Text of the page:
INTO FARFIELD (Autobiography 8)

Transition to the Senior School

My move from the prep school part of Gresham’s to the Senior School was made difficult by the opening of the new house, Tallis, in the Michaelmas term of 1963. To put it bluntly, the school was bursting at the seams as the numbers were built up to fill the new house. The Lawns, which was ‘Jumbo’ Burroughs’s House, was there solely to take pupils destined for Tallis, and it closed as soon as Tallis was opened.  The Lawns returned to being an hotel as it had been before, and still is. In any case the Lawns could only take so many (25 I think). The other houses – Howson’s, Woodlands, Old School House and Farfield were all taking in extra people. For instance, the study (number 23?) which normally took only three because the fourth space was mostly occupied by the doorway had four squeezed in – and guess who was made to sit in the doorway? Me!


The result was that although I should have gone up in Michaelmas 1962 when I was already 13, I was held back until the summer term of 1963 by which time I was 14. I didn’t have to take the Common Entrance exam it is true, because I had already reached the Upper Third form. In fact by the time I was eventually promoted to the senior school I was in the Fourth Form – 4G. Another disadvantage of the school being so crowded was the fact that I did not get my first choice of house; in fact I got no choice at all. I had wanted to go into Howson’s, the Headmaster’s house, but instead I was put into Farfield. Farfield was a house I dreaded. It had a reputation that the boys were harsh and very sporty.  The housemaster, Bernard Sankey was austere and the house itself was nearly in Kelling. So it was with some trepidation that I arrived in the Junior Dorm and the study over the boiler room in April 1963. There were 3 others in the study. One was a day boy, Mallett (who was obviously intended to have the cramped corner, not being there so much) and one was Daniel. Was the third Bill Wragge? In those days he was just Wragge, and later John Wragge. It was only when he was about 16 that he morphed into Bill, which he has remained for the last 50 years. His first name is William, but he could not be called Bill at his home because that was his father’s name. At school he could be what he wanted, and he wanted to be Bill.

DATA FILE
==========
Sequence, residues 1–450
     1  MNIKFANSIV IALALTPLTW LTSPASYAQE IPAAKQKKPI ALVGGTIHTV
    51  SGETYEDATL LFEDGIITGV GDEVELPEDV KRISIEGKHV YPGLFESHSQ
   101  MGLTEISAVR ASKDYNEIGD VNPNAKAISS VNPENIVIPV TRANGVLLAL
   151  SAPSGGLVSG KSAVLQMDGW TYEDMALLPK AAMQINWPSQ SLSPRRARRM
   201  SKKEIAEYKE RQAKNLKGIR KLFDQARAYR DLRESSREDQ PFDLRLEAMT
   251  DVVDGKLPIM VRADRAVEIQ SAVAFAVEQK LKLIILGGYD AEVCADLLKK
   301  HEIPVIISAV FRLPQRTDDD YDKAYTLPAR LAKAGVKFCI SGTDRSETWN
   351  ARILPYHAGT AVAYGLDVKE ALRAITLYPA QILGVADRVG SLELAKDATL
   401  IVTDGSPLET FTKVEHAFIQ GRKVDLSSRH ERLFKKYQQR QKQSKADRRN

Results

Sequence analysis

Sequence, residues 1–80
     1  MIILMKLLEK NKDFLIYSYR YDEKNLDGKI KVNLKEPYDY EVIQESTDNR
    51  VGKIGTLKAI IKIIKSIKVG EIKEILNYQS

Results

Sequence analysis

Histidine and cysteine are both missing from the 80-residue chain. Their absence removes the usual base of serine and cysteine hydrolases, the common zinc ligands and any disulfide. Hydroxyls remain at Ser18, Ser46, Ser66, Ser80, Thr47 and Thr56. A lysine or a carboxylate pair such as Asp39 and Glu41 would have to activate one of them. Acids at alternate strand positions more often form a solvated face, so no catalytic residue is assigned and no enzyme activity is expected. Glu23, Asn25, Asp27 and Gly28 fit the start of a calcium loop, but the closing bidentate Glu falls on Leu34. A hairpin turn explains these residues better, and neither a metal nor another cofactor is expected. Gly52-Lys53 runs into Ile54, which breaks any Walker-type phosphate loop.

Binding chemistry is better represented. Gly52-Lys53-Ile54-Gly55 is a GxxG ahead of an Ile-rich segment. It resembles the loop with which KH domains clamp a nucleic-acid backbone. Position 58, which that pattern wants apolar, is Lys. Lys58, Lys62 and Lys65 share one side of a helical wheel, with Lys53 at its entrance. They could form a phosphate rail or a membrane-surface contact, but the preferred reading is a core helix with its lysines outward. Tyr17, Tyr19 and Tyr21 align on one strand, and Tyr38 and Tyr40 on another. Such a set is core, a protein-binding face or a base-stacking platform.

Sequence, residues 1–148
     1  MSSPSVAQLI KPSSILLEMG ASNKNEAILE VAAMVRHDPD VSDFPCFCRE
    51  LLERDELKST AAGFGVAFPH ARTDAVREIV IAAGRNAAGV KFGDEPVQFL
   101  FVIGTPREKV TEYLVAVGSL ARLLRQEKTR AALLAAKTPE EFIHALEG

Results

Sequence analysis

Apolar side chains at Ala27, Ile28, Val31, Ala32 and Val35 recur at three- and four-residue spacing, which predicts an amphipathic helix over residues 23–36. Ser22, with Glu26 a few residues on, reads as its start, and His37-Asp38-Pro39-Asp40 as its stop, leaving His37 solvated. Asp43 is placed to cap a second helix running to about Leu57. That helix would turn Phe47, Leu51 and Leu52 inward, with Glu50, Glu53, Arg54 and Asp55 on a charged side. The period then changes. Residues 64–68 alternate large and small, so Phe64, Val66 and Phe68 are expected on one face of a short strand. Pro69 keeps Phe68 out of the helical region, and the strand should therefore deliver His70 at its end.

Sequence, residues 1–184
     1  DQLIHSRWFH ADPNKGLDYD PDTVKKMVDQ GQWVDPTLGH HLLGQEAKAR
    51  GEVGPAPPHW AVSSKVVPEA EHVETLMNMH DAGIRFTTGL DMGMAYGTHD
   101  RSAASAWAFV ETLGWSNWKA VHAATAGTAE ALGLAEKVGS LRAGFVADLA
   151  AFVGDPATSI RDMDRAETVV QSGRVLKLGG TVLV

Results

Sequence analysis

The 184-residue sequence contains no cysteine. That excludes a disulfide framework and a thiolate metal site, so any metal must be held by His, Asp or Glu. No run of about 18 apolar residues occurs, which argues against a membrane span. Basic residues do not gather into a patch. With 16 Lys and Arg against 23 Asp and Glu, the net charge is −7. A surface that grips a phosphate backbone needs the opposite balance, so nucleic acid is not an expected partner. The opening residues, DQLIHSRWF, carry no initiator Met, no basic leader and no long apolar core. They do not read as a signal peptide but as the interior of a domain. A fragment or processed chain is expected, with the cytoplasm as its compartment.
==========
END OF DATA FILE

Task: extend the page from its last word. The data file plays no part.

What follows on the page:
This picturte show Bill Wragge at the age we entered Farfield. Sitting to the left is Philip Searle-Barnes who I had been in with in Crossways, but who went into Dr Andrew’s house (Woodlands) in the senior school. He went on to Imperial College to study engineering and graduated in 1972. Bill studied English under London University’s external system at Buckland (then in Berkshire, since 1974 in Oxfordshire). The house at Bucland has returned to being a private house, albeit on a grand scale, and the place of learning is no more. I have stayed in touch with Bill, but Philip Searle Barnes I haven’t seen for over forty years. I have seen his brother Paul  however at an Old Greshamian meeting last year. He was a musician of great skill and accomplishment, and has enjoyed a career as head  of keyboard at Bryanston school. There were four Seale-Barnes brothers; I only knew the oldest two, Philip and Paul. Their father the Rev Charles Searle-Barnes was Vicar of Cromer.

Anyway, Farfield did not prove to be the dreadful place I had feared – quite the reverse. We were exceptionally privileged to be educated by a dedicated and for the most part effective team of teachers and to be living in such a remote but appealing place.




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